AI Bill of Rights: A Step Toward Truly Ethical AI?

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Read more about author Andrei Papancea.

In early October, The White House published its so-called Blueprint for an AI Bill of Rights, a set of guidelines encouraging tech companies to deploy artificial intelligence more responsibly. The guidelines are not binding but have been conceived to persuade tech companies to further protect consumers, including explaining why an automated system is in use.

Many have felt this was long overdue, with AI now effectively endemic in society across multiple business sectors. The Bill of Rights is, in a sense, a step towards ethical AI, ensuring that people are treated properly, and their privacy respected.

Although my eye isn’t normally trained toward the political space, the AI Bill of Rights caught my attention. Not only does it touch on AI, but it also outlines the principles and protections that are in line with many of the things we believe in as a conversational AI company and which we help clients think through when designing and building automated conversations. 

The document was created “to help guide the design, development, and deployment of artificial intelligence (AI) and other automated systems so that they protect the rights of the American public,” according to the department’s press release. There are five core protections mentioned within the blueprint, as follows: 

  • Safe and Effective Systems: You should be protected from unsafe or ineffective systems.
  • Algorithmic Discrimination Protections: You should not face discrimination by algorithms and systems should be used and designed in an equitable way.
  • Data Privacy: You should be protected from abusive data practices via built-in protections and you should have agency over how data about you is used.
  • Notice and Explanation: You should know that an automated system is being used and understand how and why it contributes to outcomes that impact you.
  • Alternative Options: You should be able to opt out, where appropriate, and have access to a person who can quickly consider and remedy problems you encounter.

These principles are, in my view, straightforward, non-partisan, and good for the end-user … something that we focus on relentlessly while building out conversations.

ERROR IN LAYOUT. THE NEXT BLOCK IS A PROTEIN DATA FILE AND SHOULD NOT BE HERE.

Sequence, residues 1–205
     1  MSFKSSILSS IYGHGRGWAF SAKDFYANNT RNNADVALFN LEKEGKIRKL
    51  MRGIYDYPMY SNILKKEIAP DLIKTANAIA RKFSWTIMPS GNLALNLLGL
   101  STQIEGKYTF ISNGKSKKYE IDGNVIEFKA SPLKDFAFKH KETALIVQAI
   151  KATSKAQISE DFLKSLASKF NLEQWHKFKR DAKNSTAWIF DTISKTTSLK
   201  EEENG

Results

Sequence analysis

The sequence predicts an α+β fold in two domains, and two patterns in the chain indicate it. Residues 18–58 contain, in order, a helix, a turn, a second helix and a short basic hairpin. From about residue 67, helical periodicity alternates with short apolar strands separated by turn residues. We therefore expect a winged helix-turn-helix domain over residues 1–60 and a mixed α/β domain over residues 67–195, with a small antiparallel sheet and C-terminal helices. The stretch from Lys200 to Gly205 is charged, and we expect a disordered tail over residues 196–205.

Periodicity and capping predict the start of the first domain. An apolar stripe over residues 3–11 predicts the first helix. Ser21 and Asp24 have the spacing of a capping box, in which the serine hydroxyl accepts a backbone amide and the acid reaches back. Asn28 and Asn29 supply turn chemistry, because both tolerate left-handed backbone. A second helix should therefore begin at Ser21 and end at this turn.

Let’s explore each in a little more detail:

Safe and Effective Systems: I strongly agree with this. Customers should be protected from unsafe and ineffective systems. There’s nothing more irritating than interacting with AI that doesn’t do the job it’s supposed to do, or worse – that puts you at risk. Brands offering automation need to ensure that customers get the help they need and aren’t left waiting and unhelped. 

Alternative Options: We always want to do what’s right for the end-user. That said, not every customer inquiry should be automated, and businesses must have alternative options where the end-user can opt out and get the help they need to resolve their inquiry. This may mean that “containment” metrics take a dip, but the trade-off is increased customer satisfaction with service because the end-user is receiving the help they need.

Notice and Explanation: While conversational AI can be designed to be human-like, it is not human. This is an important distinction. Failing to inform the customer that a virtual assistant is being used can add to further mistrust of AI, creating a poor customer experience. With that said, we also agree that end-users should be aware that an automated system is being used.

But are guidelines alone going to be enough?

As far as I can see, the general response to the proposed AI Bill of Rights has been largely positive, though some have expressed reservations that the guidelines are not legally binding.

Writing in Campaign US, Aaron Kwittken described the proposed AI Bill of Rights as a “toothless tiger,” whilst Alexandra Reeve Givens, president and CEO of the Center for Democracy and Technology, was quoted as describing the proposals as valuable, “but they would be even more effective if they were built on a foundation set up by a comprehensive federal privacy law.” 

For what it’s worth, my view is that we are where we are. We now, at least, have a blueprint in place for more effective AI governance and which, we hope, will lead to both more businesses and more consumers embracing it, having confidence in it and recognizing the positive contribution it can make. Unquestionably, the blueprint could have gone further into promoting the benefits that AI can and is delivering, but it is nonetheless a welcome starting point. Provided it is just that, a start, and if we, as the practitioners of AI for the public good, embrace it and make it work, we could find ourselves looking back on this moment as something of a milestone. 

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